The past is another country

By Kevin O’Sullivan

Sackville Street PostcardWhen I was at home last weekend, my father updated me on his ongoing project to scan the collection of postcards originally sent among my grandfather’s relatives at the turn of the twentieth century, and attentively collected, preserved and added to (there are some intriguing Irish Shipping Ltd postcards from the 1950s) by my grandmother. Having spent a few hours reading and looking through a small part of the collection, I thought that some of them were too good not to share. Jumping on the bandwagon of Dave O’Sullivan’s hard work, the ones I have posted here represent a small sample of a reasonably large collection of postcards that deal mainly with Irish subjects but also include images of Devonshire, Lourdes, New York, Alabama, and Paris, and several sent by a missionary relative from a boat headed for Manila in the Philippines. These postcards of Dublin and its environs were all sent between 1907 and 1911.

Bray:

Bray Postcard


Balscadden Bay, Howth:

Howth Postcard


Kingstown:

Kingstown 1 Postcard


Christ Church Cathedral:

Christ Church Postcard


St. Patrick’s Cathedral:

St Patrick's Cathedral Postcard


College Green:

College Green 2 Postcard


Dublin Castle:

Dublin Castle Postcard


The Shelbourne Hotel, St. Stephen’s Green:

Shelbourne Hotel Postcard


National Library:

NLI Postcard


Irish International Exhibition, 1907:

International Exhibition Postcard


Powerscourt House:

Powerscourt Postcard


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8 Responses to “The past is another country”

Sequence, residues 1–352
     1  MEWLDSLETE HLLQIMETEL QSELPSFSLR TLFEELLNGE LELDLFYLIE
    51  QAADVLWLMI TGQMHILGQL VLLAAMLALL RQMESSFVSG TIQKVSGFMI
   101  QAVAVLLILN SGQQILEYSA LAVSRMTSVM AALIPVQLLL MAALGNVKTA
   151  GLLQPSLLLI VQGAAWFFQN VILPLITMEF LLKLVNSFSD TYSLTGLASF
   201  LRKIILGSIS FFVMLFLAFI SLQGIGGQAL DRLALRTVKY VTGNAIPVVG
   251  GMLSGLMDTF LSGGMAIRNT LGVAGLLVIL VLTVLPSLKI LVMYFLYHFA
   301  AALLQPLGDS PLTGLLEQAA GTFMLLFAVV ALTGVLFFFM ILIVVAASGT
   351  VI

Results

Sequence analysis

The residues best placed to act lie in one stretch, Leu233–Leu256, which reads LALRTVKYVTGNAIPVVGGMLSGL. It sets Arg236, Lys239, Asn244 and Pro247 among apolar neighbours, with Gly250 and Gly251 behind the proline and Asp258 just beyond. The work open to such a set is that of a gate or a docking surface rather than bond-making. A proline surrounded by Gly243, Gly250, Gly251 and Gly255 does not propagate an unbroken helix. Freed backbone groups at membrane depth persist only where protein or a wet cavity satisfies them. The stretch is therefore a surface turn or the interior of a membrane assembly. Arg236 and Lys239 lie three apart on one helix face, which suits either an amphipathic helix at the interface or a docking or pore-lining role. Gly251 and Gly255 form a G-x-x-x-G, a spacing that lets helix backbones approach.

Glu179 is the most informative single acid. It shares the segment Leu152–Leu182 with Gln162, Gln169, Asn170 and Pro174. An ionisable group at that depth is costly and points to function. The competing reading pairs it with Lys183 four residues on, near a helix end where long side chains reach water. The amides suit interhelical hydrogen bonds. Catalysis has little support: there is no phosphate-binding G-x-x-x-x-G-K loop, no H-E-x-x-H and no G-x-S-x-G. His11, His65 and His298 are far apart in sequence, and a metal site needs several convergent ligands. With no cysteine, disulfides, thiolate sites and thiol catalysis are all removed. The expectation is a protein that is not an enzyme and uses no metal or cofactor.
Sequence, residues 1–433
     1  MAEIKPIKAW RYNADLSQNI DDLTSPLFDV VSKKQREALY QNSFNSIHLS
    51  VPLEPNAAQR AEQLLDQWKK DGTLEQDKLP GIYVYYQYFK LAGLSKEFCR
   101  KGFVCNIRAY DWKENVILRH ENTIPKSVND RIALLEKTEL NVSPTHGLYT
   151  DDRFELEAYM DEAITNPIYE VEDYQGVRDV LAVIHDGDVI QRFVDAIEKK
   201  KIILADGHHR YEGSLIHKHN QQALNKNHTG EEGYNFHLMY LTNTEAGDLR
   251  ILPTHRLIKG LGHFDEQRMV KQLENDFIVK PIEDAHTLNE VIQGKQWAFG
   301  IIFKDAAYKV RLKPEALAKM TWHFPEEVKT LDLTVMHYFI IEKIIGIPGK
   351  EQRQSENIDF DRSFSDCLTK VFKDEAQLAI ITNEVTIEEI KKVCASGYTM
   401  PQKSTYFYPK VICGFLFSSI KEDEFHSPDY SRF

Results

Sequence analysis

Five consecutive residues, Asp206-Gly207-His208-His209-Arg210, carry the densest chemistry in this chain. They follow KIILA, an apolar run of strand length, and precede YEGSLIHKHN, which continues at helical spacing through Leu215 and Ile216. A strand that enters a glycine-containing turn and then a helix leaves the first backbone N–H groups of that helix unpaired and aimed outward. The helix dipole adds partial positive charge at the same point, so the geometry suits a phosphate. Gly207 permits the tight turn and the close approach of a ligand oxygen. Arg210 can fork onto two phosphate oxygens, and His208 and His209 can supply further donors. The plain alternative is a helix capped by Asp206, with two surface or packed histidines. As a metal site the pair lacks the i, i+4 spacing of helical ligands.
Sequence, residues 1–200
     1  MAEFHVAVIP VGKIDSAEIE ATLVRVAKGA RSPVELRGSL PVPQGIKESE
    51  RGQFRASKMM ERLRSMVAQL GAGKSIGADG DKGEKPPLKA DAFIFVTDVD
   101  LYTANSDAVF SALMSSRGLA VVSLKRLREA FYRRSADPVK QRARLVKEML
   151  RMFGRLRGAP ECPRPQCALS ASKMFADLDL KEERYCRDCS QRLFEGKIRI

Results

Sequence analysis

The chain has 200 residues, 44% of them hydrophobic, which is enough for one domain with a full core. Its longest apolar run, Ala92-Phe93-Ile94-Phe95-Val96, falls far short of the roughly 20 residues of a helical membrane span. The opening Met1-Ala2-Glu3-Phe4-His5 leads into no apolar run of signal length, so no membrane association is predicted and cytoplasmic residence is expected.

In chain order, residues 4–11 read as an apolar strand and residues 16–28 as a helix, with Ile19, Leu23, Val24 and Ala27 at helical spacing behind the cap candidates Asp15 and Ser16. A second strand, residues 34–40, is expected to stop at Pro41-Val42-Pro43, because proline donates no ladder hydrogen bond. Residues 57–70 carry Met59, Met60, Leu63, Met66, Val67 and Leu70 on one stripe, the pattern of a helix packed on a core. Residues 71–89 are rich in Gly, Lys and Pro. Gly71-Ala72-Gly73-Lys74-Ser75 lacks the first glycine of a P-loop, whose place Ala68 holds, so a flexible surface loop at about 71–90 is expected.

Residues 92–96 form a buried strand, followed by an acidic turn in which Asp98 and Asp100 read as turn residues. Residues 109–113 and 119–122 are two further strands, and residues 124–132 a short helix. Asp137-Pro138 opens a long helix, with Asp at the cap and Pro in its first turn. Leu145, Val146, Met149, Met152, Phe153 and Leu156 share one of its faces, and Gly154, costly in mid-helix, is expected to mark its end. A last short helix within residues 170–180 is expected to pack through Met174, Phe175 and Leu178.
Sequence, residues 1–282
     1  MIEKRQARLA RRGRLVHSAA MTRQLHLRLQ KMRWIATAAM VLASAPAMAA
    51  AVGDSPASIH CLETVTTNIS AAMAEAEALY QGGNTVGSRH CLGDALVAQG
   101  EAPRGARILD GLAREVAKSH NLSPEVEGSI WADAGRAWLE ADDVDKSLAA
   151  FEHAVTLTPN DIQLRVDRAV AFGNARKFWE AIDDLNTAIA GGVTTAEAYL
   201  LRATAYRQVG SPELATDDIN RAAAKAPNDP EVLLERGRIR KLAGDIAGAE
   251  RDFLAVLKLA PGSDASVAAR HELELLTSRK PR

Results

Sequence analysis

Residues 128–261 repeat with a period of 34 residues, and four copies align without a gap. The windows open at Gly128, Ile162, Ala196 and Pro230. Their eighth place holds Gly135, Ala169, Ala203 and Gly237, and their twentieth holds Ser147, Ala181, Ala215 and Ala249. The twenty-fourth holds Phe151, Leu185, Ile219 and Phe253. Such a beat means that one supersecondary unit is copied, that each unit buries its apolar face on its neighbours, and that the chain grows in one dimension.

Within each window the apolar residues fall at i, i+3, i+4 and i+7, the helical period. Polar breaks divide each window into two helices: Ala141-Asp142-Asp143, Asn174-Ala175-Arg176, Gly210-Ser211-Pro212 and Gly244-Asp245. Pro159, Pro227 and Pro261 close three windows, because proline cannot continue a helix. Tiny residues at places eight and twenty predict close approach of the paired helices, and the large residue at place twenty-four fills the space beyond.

1. puesoccurrences Says:

    These are great Kevin. I am curious to see whats written on the other side! Thanks for sharing them and please keep us updated on any other postcard you find interesting.

    Thanks,
    Lisa

  2. puesoccurrences Says:

    Some of the text on the postcards is really interesting, some of them are completely banal (‘I’ll meet you at x’, ‘Just arrived at y’ or ‘How is auntie z?’), some of them are intriguing (people and names that are half-remembered now), and all of them, as my Dad commented, read like short emails or texts – limited by the space available to write and the nature of the medium to short updates and fragments of conversations and stories.

    I have a few more scanned from outside Dublin that I’ll post next week, and the next time I get a chance I’ll have a look for a few more interesting cards. There are hundreds of them.

    Kevin

  3. Ciara Says:

    Kevin, these are fantastic! I wonder how many people have similar postcards in their attics? I recently came across one at home of Patrick Pease’s execution at Kilmainham (an odd subject for a postcard!)

  4. Niamh Says:

    HI Kevin, these are really wonderful images. I love old postcards though – as much for the messages on the back as for the images too. I came across a load of old Italian postcards when i was going through 1920 editorial correspondence formy PhD and they really did use them as we’d use phone calls/textx nowadays. Maybe we should go back to postcards – so much impressive for posterity than text messages!

  5. puesoccurrences Says:

    Hi Kevin,
    Thought you might be interested in this. I was in the Dublin City Library and Archive last week and they have a poster up advertising postcards and engravings they hold:
    http://www.dublincity.ie/RECREATIONANDCULTURE/LIBRARIES/HERITAGE%20AND%20HISTORY/COLLECTIONS/Pages/pictorial_and_audiovisual_collections.aspx
    There are 75 in total. Just in case anyone is interested they have been added to Flickr:
    http://www.flickr.com/photos/dublincitypubliclibraries/tags/dublinpostcardcollection/
    They reminded me of your own. Has your family deposited them yet?

    Lisa

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